One more point about Jesus and the Gospels: Since the biblical account of Jesus is so discrepant from the one in the Course, one could not truly say, as you did, that according to the Course “the Gospel account is just symbolic of the remembrance of Jesus by his disciples.” I am reminded of something you said to me many years ago, Norris. After hearing me state that the Course came as a correction to Christianity, you commented, and quite accurately, that when you correct something you retain the basic framework of the original. But A Course in Miracles retains nothing of the original framework of Christianity. And the same could just as truly be said about the Course and the biblical account of Jesus’ life, death, and resurrection.
Similarly regarding the doctrine of the Eucharist: As we have seen, there are at least two passages in the Course that specifically refute the Church’s teachings about Jesus’ desire to share his body with his followers. However, like anything else of the ego’s world, the ritual of communion could be used by the Holy Spirit to serve a different purpose—in this case, as a reminder that Jesus came to share his mind with us, not his body. But in and of itself, the sacrament has no meaning apart from this general purpose of forgiveness.
Finally, while A Course in Miracles would not really use the term “morally responsible” as it is commonly used in our society, it certainly would encourage its students to live in a loving and forgiving way, as you mentioned. Moreover, as we have discussed, the Course quite emphatically encourages its students to be responsible, but on a much deeper level. As students of A Course in Miracles, we are asked to be totally responsible for all our thoughts, which come from our mind’s decision to join with the ego or with Jesus. From that decision come our beliefs, feelings, and behavior. If this underlying decision is not changed from the ego to the Holy Spirit—from the wrong to the right mind—then simply modifying behavior will never heal. And in the long run this would reinforce a lack of responsibility on all levels of our experience—as is witnessed by the history of this planet—since we had not assumed the primary responsibility for our original decision to be separate from the Love of God.
To make the point still once again, the essential characteristic of A Course in Miracles that lies at the core of the differences you have nicely summarized is that it is a non-dualistic spirituality. Christianity, as Judaism before it, is a dualistic thought system in which God and the world, spirit and matter, co-exist as separate states, both of which are real. Reality is thus seen to be a dimension of opposites—as with good and evil—in marked distinction from the Course’s understanding of reality as being only perfect unity in which there are no opposites.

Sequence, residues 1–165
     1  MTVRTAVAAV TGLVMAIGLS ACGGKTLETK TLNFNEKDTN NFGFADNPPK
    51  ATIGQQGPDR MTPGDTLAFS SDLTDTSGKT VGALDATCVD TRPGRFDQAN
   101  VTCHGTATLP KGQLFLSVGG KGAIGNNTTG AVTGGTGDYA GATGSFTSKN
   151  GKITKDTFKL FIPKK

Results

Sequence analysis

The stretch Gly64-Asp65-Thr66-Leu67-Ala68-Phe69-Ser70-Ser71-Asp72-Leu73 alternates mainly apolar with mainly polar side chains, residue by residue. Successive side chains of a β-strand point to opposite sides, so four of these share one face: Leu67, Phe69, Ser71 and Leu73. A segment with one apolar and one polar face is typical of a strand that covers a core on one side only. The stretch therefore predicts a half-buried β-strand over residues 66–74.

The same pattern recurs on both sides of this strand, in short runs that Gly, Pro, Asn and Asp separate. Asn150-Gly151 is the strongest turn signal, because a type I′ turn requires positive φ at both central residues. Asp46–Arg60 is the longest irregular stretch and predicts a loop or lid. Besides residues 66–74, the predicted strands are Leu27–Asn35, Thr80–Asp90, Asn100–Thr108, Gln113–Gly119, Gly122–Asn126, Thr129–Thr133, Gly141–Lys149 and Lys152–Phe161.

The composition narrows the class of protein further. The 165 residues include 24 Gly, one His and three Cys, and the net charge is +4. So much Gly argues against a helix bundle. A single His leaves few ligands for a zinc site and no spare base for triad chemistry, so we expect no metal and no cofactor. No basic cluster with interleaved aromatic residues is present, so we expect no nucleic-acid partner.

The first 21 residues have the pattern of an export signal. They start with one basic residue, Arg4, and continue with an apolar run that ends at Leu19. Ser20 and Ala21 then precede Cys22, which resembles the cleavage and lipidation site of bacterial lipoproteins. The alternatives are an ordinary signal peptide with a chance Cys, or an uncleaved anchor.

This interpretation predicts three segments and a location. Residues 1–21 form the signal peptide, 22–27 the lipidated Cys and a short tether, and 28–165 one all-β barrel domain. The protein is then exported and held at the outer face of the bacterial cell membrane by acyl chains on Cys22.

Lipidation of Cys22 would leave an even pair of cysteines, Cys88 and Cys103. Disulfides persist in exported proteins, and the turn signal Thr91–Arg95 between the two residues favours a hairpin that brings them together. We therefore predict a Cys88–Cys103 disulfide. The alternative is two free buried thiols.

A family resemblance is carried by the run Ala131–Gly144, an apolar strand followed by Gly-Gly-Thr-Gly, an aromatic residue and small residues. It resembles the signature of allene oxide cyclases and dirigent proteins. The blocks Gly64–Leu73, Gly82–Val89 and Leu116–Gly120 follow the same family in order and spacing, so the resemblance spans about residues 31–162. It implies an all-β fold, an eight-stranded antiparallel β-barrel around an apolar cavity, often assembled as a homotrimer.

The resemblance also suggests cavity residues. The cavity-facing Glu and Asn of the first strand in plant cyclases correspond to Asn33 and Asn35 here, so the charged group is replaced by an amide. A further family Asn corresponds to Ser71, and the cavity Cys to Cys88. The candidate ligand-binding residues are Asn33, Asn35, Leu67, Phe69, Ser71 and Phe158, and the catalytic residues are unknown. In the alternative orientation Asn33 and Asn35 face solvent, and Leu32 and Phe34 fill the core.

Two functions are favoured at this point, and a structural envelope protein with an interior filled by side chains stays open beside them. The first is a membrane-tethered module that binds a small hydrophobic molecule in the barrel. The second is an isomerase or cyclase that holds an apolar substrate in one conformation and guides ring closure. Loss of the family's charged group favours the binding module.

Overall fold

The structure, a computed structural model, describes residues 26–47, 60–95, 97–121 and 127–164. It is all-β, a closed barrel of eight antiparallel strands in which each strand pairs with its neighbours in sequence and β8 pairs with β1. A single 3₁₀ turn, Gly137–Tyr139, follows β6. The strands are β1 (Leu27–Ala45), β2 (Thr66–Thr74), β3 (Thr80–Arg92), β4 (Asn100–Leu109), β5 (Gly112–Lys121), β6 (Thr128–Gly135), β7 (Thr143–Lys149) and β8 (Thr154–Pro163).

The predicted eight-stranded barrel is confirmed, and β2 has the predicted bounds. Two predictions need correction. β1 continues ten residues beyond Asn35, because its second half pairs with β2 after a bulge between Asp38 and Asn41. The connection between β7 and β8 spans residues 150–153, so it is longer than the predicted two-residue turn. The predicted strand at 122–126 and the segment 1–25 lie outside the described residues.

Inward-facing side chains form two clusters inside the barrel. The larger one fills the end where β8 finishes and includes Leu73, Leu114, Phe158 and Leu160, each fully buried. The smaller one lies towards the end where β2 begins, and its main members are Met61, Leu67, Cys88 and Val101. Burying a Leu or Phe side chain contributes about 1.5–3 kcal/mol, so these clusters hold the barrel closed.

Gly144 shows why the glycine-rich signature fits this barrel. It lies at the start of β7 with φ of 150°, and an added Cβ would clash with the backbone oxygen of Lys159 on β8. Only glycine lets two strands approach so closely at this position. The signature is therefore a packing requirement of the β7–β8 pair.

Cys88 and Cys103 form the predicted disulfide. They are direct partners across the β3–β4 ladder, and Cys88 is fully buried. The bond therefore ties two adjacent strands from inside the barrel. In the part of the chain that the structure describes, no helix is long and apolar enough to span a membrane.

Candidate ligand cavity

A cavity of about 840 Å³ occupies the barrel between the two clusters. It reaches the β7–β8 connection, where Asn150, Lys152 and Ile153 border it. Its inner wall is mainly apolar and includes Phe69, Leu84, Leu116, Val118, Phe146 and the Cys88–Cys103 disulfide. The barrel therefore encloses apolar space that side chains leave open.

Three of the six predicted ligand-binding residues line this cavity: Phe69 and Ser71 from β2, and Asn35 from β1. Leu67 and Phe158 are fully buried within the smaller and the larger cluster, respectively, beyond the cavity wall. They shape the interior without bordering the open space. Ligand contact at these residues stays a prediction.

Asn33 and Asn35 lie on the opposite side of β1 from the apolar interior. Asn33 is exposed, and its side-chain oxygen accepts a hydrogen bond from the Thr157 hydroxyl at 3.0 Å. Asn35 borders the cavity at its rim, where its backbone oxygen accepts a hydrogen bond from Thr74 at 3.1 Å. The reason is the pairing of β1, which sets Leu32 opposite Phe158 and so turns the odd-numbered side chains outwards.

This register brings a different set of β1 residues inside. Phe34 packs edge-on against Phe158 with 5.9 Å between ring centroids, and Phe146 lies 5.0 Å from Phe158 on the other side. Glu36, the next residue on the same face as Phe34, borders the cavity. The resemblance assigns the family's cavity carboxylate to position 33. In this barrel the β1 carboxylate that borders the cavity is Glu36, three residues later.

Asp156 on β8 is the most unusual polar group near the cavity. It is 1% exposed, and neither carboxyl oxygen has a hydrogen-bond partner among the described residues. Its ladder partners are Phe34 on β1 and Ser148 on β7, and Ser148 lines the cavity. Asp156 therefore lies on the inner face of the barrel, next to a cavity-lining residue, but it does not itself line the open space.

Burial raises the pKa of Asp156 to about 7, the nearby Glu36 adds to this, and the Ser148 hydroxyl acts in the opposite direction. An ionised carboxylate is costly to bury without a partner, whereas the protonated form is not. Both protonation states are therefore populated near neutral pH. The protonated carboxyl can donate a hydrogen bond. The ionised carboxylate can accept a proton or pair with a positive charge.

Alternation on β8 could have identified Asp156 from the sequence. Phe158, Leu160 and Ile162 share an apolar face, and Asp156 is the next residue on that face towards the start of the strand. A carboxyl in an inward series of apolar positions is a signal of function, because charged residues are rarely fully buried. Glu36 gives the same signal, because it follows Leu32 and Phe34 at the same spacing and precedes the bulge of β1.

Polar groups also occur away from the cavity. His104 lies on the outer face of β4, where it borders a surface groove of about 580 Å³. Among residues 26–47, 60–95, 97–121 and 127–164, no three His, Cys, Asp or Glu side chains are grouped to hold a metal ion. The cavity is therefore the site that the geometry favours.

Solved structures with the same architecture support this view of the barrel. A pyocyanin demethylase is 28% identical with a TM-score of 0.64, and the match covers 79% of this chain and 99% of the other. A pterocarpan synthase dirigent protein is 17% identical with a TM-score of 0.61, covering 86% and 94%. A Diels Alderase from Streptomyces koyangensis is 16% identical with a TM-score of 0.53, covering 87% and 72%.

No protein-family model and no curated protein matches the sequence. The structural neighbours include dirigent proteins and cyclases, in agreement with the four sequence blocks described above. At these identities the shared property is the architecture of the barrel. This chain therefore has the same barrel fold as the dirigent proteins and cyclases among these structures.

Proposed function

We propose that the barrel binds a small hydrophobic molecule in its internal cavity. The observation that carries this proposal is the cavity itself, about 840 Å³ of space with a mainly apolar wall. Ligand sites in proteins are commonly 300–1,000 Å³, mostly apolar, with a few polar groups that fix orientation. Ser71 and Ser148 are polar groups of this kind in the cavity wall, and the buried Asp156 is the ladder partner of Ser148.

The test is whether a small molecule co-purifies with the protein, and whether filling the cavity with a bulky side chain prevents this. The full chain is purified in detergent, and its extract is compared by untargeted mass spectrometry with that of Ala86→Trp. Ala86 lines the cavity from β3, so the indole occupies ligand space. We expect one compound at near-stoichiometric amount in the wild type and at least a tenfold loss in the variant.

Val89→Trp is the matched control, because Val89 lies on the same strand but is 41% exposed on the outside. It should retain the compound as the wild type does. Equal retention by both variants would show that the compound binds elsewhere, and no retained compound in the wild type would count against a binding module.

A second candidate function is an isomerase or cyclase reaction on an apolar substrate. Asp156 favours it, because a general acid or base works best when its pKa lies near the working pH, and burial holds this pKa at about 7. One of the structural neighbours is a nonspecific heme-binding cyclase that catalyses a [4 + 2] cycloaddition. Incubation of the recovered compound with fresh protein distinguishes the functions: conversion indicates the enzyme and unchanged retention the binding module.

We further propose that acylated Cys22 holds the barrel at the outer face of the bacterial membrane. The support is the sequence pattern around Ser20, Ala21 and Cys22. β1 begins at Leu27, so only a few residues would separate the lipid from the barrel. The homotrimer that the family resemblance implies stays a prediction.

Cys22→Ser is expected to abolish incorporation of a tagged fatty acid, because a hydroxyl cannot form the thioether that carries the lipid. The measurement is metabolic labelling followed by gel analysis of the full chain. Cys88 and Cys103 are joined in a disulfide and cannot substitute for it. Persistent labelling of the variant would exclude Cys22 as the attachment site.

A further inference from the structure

But we certainly, once again, agree that it is not helpful for people, whether they are students of the Course, Roman Catholics, Protestants, Hindus, or whatever their spiritual path, to confuse the different paths. As was mentioned right at the beginning, the Course says it is only one path among many thousands.
Excerpt from A Course in Miracles and Christianity: A Dialogue
This workshop is probably one of the most important ones I have ever done, and probably will ever do. Despite that, it was never a topic I thought I would have to present until relatively recently, because of the tremendous amount of misinterpretation that is going on regarding A Course in Miracles. And rather than this being a trend that will fade away, I don't think it will. You can already see the seeds for the kinds of misunderstandings that people are having, both in terms of their own study of the Course, certainly their application of what they study to their personal lives, and then, unfortunately, to their teaching of it. This kind of misunderstanding is due to an idea I have commented on frequently: level confusion.
Many years ago now, Gloria and I were talking about the Course, what it was, its role, etc., and Gloria said something I had never actually thought of in this way, although obviously I knew it was true. She said she felt that this course really had a hidden level to it that practically no one was aware of. Not hidden in the sense that someone was hiding it, that Jesus was deliberately trying to mislead people, or be obscuring, or to hide what the Course was saying, but that this level was hidden simply because of the tremendous amount of fear that was present in almost all students of the Course. Later we will discuss this more in terms of the fear of losing one's specialness and one's identity, and what exactly that means. Because of this tremendous fear and the tremendous investment in maintaining one's identity with one's self—or what one thinks is one's self—this means almost automatically that one will never really understand these deeper levels of what the Course is talking about and what Jesus' message is.
If you do not understand this and are continually screening this out, there is no way you could understand what the Course is saying, and this is what, again, gives rise to all of these misinterpretations. The people who misinterpret and misrepresent the Course are not evil, wicked, sinful people, but most of them, unfortunately, lack what the Course is always asking of its students, and that is humility. It is the arrogance in thinking that you understand something when you do not. It takes the form in many different places of taking statements, concepts, and ideas from the Course totally out of context, and using them as ways of justifying what you really want the Course to be saying to you. This would be an example of what in the Course Jesus repeatedly speaks about: the mistake of bringing the truth to the illusion, rather than bringing our illusions to his truth.